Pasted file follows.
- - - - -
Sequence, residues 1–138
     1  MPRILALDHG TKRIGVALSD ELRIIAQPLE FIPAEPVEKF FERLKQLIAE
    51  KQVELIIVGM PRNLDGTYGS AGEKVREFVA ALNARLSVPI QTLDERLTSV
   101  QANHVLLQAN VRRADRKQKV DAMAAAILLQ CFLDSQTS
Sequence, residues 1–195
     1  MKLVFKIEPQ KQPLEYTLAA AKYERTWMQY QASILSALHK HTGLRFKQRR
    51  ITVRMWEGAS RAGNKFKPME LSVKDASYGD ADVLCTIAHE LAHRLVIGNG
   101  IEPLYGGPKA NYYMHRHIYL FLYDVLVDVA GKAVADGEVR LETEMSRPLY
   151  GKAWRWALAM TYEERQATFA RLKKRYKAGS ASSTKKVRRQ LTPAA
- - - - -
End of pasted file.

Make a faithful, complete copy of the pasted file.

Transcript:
Sequence, residues 1–138
     1  MPRILALDHG TKRIGVALSD ELRIIAQPLE FIPAEPVEKF FERLKQLIAE
    51  KQVELIIVGM PRNLDGTYGS AGEKVREFVA ALNARLSVPI QTLDERLTSV
   101  QANHVLLQAN VRRADRKQKV DAMAAAILLQ CFLDSQTS
Sequence, residues 1–195
     1  MKLVFKIEPQ KQPLEYTLAA AKYERTWMQY QASILSALHK HTGLRFKQRR
    51  ITVRMWEGAS RAGNKFKPME LSVKDASYGD ADVLCTIAHE LAHRLVIGNG
   101  IEPLYGGPKA NYYMHRHIYL FLYDVLVDVA GKAVADGEVR LETEMSRPLY
   151  GKAWRWALAM TYEERQATFA RLKKRYKAGS ASSTKKVRRQ LTPAA